The EMD SD45 series included several variants of the original design,
just had been the case with the SD40 series. The model was manufactured
from the mid-1960s through the mid-1970s and included such variants as
the SD45-2, SDP45, SD45X, and SD45T-2. The series was very successful,
particularly the original model which sold more than 1,200 examples by
itself. While EMD now built its locomotives using a standard frame and
design (beginning with the SD35), the SD45 is easily distinguishable
from its siblings by its rear flared radiator, a trademark that no other
model featured. However,
perhaps it was the SD45 in some ways that began to show "cracks" in the
Electro-Motive Division's armor as for the first time in the company's
history a model it cataloged had some reliability issues. In any event,
the SD45 could pull almost anything and today, numerous units remain in
revenue service on shortlines and regionals.
The EMD SD45 began production in late 1965 using General Motors' new 20-cylinder model 645E3 prime mover. The SD45's 20-cylinders meant it was extremely powerful, able to produce 3,600 horsepower (600 horsepower more than the SD40 series released a year later), which was a significant reason so many railroads purchased the model. Using GM's model D77 traction motors the SD45 could produce over 82,000 pounds of continuous tractive effort and 92,000 pounds starting, which was on par with what the SD38s could produce and the later SD40s. Sales for the SD45 took off rather quickly given EMD's stellar reputation as a locomotive builder through the mid-1960s. However, as railroads began to use the locomotive they began experiencing reliability issues.
The 20-cylinder prime mover was experiencing teething issues and had a tendency to break crankshafts, naturally resulting in engine failures out on the road. While EMD soon fixed the problem by replacing the main engine block with a new design many railroads were turned off of the locomotive after its initial problems and with the highly successful and reliable SD40 released in 1966 decided to just buy that model instead. In any event, the power the SD45 offered could not be denied and some lines truly liked theirs In 1967 EMD released the SDP45, which at 70-feet was five feet longer than the SD45. It was built for use in passenger service featuring a steam generator and water supply. Just 52 SDP45s were built for the Southern Pacific, Great Northern, and Erie Lackawanna (the EL purchased the most, 34).
In the summer of 1970 EMD began construction on the experimental SD45X. The locomotive was rated at 4,200 horsepower and only the Southern Pacific purchased the model (3) with EMD owning 4 demonstrator units. As with the SD40 series, in the spring of 1972 EMD released the upgraded SD45-2 model, which was virtually identical to its predecessor save for updated electronics allowing for the locomotive to be more efficient. The model was built through 1974 with 136 units sold. Around the same time EMD also manufactured the SD45T-2.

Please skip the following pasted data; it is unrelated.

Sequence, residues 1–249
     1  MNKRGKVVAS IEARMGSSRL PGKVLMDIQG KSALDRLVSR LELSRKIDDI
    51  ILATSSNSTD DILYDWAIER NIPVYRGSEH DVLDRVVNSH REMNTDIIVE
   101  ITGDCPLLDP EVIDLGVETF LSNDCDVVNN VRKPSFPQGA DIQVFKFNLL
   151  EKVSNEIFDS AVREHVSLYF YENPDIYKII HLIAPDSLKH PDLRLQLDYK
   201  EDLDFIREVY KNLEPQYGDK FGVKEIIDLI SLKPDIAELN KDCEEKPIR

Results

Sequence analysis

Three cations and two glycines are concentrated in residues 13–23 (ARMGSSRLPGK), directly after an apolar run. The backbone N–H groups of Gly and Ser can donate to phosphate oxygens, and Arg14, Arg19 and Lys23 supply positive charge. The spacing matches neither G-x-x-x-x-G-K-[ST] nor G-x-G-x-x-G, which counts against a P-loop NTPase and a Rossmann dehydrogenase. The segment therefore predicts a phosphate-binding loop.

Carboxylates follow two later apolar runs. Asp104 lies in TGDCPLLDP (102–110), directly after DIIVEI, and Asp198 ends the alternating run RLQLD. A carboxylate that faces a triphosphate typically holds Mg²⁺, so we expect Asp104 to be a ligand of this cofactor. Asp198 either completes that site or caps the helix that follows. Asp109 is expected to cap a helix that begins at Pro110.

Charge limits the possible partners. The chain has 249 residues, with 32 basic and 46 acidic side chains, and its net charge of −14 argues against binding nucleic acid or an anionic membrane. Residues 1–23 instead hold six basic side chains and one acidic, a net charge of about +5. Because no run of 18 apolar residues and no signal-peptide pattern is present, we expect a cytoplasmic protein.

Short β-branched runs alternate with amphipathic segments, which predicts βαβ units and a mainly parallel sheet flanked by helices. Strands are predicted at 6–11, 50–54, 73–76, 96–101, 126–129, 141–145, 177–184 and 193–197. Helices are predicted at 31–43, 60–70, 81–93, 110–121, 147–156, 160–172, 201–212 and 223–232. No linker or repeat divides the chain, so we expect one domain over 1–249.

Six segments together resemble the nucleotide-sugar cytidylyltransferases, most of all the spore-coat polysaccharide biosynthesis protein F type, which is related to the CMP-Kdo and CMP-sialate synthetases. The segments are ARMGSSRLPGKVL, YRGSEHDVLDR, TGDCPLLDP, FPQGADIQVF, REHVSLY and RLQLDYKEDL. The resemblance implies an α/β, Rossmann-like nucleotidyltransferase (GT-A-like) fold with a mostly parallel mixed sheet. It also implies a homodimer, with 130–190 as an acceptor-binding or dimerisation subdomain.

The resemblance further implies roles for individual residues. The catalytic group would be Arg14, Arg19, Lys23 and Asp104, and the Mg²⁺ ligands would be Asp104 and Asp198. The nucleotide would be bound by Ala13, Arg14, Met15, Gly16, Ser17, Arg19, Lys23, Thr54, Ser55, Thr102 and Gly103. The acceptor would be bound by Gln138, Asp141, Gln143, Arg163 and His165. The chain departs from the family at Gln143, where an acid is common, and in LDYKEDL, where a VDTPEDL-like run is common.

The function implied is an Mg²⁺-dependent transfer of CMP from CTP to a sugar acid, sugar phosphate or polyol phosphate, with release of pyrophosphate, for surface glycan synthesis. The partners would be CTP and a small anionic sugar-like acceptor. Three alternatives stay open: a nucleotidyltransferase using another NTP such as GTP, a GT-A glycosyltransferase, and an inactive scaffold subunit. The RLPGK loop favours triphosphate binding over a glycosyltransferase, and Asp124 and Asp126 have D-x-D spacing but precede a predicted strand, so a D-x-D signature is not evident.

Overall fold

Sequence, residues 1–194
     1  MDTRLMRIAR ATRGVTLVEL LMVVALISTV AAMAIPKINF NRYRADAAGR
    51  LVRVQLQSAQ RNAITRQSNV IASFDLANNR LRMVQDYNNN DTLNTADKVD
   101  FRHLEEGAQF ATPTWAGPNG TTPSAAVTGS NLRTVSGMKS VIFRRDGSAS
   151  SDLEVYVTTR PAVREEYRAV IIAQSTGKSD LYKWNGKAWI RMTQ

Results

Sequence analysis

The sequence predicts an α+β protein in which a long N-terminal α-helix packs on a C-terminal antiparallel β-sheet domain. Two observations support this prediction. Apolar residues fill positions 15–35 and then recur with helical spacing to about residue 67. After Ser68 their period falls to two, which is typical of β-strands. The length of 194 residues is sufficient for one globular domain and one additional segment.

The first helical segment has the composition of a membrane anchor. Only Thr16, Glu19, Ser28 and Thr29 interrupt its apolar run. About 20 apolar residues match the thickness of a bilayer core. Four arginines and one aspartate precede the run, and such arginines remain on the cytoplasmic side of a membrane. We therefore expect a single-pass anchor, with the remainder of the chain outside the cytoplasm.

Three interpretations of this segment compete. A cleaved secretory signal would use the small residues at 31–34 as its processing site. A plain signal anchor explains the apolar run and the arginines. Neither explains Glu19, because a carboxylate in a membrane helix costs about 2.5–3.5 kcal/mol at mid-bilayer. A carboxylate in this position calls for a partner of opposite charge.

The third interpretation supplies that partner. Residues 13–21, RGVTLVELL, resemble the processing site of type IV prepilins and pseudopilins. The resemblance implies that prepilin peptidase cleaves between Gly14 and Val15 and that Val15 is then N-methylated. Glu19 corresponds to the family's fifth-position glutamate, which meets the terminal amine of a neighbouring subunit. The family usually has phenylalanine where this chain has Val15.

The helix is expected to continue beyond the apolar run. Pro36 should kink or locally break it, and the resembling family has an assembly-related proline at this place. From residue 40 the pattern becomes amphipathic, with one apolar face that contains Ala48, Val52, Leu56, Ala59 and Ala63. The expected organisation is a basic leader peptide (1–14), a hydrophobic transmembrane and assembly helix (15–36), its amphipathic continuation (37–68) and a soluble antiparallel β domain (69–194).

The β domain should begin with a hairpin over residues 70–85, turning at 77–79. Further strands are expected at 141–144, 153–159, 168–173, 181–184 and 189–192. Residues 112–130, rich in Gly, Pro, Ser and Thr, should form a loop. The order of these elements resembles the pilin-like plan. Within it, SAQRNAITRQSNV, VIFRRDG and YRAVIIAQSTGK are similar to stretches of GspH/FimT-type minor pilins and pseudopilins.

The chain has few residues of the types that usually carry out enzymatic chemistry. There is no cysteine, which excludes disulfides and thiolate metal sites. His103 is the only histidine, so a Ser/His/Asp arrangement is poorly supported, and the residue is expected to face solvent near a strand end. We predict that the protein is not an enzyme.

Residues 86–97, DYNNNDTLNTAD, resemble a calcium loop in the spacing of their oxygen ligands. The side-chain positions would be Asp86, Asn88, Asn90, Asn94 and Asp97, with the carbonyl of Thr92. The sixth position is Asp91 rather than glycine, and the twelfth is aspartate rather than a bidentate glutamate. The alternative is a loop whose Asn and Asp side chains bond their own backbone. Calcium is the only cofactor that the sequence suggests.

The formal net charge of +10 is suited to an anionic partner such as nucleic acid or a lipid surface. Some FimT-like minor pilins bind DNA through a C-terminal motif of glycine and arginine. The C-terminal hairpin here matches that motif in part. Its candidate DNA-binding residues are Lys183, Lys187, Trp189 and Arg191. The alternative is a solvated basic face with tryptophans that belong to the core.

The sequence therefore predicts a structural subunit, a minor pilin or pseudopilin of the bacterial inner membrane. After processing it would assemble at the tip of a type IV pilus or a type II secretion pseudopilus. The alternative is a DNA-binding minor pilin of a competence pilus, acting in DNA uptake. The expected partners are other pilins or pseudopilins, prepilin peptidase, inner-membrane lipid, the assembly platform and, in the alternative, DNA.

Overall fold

As with the SD40T-2, requested by the Rio Grande, the SD45T-2 redesigned its air intakes to the locomotive's walkways and the radiators were moved as high as possible. This allowed the locomotive to receive the clean, cool air found near the floor of tunnels (where exhaust and heat was an issue) and blowing it up through the radiators and out the top. It proved to be an innovative and successful design as both the SD40T-2 and SD45T-2 sold quite well for a variant; the former selling more than 300 examples and the latter nearly 250, all of which went to the Southern Pacific/Cotton Belt (9157-9404). Today, most of these units are in operation while SP #9193 is preserved at the California State Railroad Museum in Sacramento.
While not as successful as the SD40 series the EMD SD45 and its variants still sold very with more than 1,700 purchased by the time production had finally ended in the early summer of 1975. After EMD corrected the model's engine block flaws most of the fleet remains in active revenue service today. Other examples of the locomotive officially preserved include Erie Lackawanna #3607 at the National Museum of Transportation in St. Louis, Great Northern #400 ("Hustle Muscle") at the Lake Superior Museum of Transportation, Norfolk & Western #1776 at the Virginia Museum of Transportation, SP #8800 at the Utah State Railroad Museum, and EL SDP45 #3639 also at VMT. For technical data regarding the EMD SD45 please click here. Also, for information about EMD's SD series please refer to the chart below.
Electro-Motive Division's "Special Duty" Road Switchers
|Model Type||Units Built||Date Built||Horsepower|
|SD24||179 A Units/45 B Units (Calfs)||1958-1963||2,400|
|SDL39||10 (Built For The Milwaukee Road)||1969-1972||2,300|
For more information on the EMD SD45 series you might want to consider the book EMD Locomotives from author Brian Solomon. Solomon's book highlights the history of EMD from its earliest beginnings in the 1920s, to its phenomenal successes in the mid-20th century, and finally its decline into second spot behind General Electric in the late 20th century and eventual sale by General Motors in 2005. The book features 176 pages of EMD history and is filled with excellent photography and illustrations. If you're interested in perhaps purchasing either (or both) of these books please visit the links below which will take you to ordering information through Amazon.com, the trusted online shopping network.